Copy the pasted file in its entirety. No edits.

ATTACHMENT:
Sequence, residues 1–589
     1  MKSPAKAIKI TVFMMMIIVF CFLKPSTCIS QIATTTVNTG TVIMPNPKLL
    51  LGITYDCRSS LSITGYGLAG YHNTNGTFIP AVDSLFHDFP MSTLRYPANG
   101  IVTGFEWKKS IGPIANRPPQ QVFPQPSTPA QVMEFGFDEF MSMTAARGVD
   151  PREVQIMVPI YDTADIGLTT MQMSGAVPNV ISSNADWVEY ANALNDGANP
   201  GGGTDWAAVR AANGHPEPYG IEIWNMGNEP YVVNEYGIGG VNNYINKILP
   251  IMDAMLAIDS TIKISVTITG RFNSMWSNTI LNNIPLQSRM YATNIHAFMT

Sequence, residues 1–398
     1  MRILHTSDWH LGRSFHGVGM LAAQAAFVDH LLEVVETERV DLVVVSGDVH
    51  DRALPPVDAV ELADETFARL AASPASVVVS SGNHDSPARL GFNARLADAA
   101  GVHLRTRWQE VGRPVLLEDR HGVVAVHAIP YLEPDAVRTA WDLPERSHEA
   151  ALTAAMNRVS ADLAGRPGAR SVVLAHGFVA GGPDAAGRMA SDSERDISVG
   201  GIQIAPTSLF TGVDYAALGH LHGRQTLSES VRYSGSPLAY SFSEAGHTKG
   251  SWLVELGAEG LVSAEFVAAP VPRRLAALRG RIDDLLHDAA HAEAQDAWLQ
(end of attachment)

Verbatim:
Sequence, residues 1–589
     1  MKSPAKAIKI TVFMMMIIVF CFLKPSTCIS QIATTTVNTG TVIMPNPKLL
    51  LGITYDCRSS LSITGYGLAG YHNTNGTFIP AVDSLFHDFP MSTLRYPANG
   101  IVTGFEWKKS IGPIANRPPQ QVFPQPSTPA QVMEFGFDEF MSMTAARGVD
   151  PREVQIMVPI YDTADIGLTT MQMSGAVPNV ISSNADWVEY ANALNDGANP
   201  GGGTDWAAVR AANGHPEPYG IEIWNMGNEP YVVNEYGIGG VNNYINKILP
   251  IMDAMLAIDS TIKISVTITG RFNSMWSNTI LNNIPLQSRM YATNIHAFMT

Sequence, residues 1–398
     1  MRILHTSDWH LGRSFHGVGM LAAQAAFVDH LLEVVETERV DLVVVSGDVH
    51  DRALPPVDAV ELADETFARL AASPASVVVS SGNHDSPARL GFNARLADAA
   101  GVHLRTRWQE VGRPVLLEDR HGVVAVHAIP YLEPDAVRTA WDLPERSHEA
   151  ALTAAMNRVS ADLAGRPGAR SVVLAHGFVA GGPDAAGRMA SDSERDISVG
   201  GIQIAPTSLF TGVDYAALGH LHGRQTLSES VRYSGSPLAY SFSEAGHTKG
   251  SWLVELGAEG LVSAEFVAAP VPRRLAALRG RIDDLLHDAA HAEAQDAWLQ